In highly accomplished services, educators and other staff engage in deep critical reflection. They implement, review and adapt programs, practices and partnerships and can define and describe the improvements that flow to children and families. By working in partnership with families, children and the community they can research and seek out options, work with and learn from other professionals and access training to help them accomplish their goals.
Knowing that many of the families using the service are mining families, Bundaberg Family Day Care developed a resources pack called FIFO-DIDO-BIBO (Fly In Fly Out – Drive In Drive Out – Bus In Bus Out) containing strategies for families to support their children while a parent is away from home. Further to this, after figures revealed high rates of obesity in Bundaberg the service developed a free school holiday program to promote healthy lifestyles and physical activity within the community.
Taking advantage of its local surroundings and through investigating strategies to energise children’s play, Pelican Waters implemented a ‘Bush and Beach Kindy’ program to develop children’s understanding of the local land and extend their nature-based play.
Bribie Island Community Kindergarten involved families with the design and construction of the outdoor area of the service; ideas were suggested which educators have researched further and re-designed to fit the space. Families also made or donated resources including a thongaphone, learning circle, pipe track and bush telephone.
In highly accomplished services, educators critically reflect on their programs, practices and partnerships and adapt and extend these where needed to achieve better outcomes.
After identifying a need for hearing impaired children, Albury Preschool secured a grant to install a Soundfield Amplification System to assist children with hearing impairments to learn. The service then partnered with Charles Sturt University to undertake its own research project to measure how the amplification system positively benefits all children.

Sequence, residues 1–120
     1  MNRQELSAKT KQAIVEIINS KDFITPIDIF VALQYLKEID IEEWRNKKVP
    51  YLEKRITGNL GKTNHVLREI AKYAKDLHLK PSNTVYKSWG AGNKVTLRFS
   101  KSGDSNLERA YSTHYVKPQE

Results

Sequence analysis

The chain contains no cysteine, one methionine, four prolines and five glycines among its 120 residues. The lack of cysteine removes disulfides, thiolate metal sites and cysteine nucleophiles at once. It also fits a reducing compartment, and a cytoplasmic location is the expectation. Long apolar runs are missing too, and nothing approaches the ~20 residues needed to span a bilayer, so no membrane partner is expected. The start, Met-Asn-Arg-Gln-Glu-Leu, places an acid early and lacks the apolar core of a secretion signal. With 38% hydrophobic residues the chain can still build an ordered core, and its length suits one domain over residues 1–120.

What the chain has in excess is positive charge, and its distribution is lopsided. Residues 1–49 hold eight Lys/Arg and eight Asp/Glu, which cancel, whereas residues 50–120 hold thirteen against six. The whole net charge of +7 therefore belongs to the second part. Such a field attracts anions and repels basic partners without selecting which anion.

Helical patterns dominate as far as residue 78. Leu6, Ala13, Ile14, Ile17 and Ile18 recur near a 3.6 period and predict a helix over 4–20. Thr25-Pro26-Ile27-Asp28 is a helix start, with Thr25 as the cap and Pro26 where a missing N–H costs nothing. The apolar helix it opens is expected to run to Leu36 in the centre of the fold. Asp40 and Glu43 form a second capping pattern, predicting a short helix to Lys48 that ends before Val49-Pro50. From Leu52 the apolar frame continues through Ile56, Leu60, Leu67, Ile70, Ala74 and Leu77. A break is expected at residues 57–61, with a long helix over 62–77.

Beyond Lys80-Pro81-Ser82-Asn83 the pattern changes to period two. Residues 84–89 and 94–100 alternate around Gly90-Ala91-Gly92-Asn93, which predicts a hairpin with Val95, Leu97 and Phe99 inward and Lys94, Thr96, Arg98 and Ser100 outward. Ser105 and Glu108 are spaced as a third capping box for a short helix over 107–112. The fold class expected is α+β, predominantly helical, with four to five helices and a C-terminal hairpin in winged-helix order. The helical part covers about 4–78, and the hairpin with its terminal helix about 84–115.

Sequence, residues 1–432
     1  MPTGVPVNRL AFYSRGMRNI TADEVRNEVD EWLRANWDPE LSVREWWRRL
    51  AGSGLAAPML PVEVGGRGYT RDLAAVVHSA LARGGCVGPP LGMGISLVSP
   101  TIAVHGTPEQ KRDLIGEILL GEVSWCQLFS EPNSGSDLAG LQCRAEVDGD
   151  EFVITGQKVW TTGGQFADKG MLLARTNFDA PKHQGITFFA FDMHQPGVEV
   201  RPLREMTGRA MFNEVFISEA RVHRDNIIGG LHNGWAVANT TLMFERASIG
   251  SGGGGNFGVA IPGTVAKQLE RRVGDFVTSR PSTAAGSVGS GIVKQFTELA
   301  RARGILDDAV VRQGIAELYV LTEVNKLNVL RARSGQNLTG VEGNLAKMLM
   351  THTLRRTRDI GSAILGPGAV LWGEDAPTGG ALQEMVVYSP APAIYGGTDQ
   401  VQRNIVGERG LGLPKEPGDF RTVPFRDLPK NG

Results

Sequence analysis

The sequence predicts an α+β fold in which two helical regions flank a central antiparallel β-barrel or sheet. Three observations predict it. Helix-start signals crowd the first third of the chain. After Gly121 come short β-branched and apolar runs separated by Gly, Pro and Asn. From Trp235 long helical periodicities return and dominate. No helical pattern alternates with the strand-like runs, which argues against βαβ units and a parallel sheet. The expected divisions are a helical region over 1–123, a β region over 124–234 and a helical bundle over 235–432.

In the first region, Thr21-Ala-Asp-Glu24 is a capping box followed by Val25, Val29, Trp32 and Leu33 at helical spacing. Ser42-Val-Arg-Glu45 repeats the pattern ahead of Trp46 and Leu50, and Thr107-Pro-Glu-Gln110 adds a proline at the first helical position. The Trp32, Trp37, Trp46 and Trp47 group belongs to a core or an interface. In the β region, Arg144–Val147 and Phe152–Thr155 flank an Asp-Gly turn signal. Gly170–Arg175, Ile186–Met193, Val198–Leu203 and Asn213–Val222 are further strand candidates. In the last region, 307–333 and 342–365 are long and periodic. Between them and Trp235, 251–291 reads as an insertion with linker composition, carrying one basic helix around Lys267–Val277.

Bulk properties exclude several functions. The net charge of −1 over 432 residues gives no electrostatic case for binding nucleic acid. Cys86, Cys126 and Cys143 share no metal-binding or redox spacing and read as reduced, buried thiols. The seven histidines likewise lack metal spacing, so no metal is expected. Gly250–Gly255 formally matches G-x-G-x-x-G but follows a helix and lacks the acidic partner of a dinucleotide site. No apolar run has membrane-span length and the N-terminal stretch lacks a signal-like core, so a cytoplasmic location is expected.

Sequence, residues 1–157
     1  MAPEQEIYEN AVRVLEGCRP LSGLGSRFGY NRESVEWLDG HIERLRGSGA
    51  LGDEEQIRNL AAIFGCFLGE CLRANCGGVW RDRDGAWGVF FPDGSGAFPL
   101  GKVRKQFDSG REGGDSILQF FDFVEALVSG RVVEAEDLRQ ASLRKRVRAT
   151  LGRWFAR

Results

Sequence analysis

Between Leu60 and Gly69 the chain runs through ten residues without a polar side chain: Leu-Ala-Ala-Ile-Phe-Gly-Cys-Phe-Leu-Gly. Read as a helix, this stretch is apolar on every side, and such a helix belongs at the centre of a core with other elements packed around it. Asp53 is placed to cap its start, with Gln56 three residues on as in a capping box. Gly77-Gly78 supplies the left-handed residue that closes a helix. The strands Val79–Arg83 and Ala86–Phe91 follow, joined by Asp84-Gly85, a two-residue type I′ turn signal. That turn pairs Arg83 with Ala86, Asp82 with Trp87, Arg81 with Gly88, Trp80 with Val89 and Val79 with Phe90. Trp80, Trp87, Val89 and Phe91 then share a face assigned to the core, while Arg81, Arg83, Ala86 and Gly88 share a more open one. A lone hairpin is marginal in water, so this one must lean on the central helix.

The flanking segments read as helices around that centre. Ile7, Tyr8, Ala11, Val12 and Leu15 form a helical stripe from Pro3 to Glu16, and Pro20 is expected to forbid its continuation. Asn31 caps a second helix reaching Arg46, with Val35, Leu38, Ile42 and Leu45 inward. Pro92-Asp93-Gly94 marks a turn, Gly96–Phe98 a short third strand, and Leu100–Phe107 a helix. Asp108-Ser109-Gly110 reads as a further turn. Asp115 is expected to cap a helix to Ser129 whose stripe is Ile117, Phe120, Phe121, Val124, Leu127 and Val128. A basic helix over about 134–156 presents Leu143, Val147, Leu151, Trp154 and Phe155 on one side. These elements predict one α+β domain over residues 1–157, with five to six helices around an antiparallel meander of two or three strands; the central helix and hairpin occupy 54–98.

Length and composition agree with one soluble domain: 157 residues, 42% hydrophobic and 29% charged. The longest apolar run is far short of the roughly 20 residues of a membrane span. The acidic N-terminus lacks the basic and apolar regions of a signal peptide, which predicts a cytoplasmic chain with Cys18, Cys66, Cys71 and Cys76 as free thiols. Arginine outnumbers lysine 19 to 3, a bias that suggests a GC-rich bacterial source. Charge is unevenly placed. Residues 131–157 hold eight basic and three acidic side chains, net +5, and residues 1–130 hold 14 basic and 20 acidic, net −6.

Addressing high levels of disadvantage in the local community, Swallowcliffe operates multiple integrated programs to improve education outcomes. Educators and staff phone families weekly to follow up on non-attendance or share good news stories about their child’s achievements.
University of Western Australia Early Learning Centre (UWA ELC) participated in a research project on sign language for babies. Noticing improvements for children from increased bonding with families and educators, the service extended this by introducing video clips with more words and some families took classes to implement signing at home.
Educators and staff at highly accomplished services identify targets and know when they have improved outcomes for children and families. They can clearly define and share these.
Globe Wilkins established relationships with Wunanbiri Preschool and the Multi Mix Mob to strengthen the embedding of Aboriginal and Torres Strait Islander perspectives at the service. This resulted in more Aboriginal and Torres Strait Islander families enrolling with the service.
When ACECQA assesses applications for the Excellent rating we look for innovation and creativity, but also for practice that is highly accomplished. We look at how:
- educators and staff at the service understand the children and families and the environment in which they live
- the service’s practices, projects and partnerships are tailored to take into account and build on the unique circumstances and strengths of the children and families
- the educators and staff at the service partner with children, families and community agencies to create exceptional outcomes.
The process used by highly accomplished services – to identify, implement, evaluate and adapt programs and practices – can be implemented in any service type, whether it is big or small or based in a city, suburb or regional area.
Remember, exceptional practice is one aspect of the Excellent rating criteria. Excellent rated services also demonstrate leadership that develops a local area, community or the sector and demonstrate a commitment to continuous improvement and comprehensive forward planning.
See the ACECQA website for more information about the Excellent rating.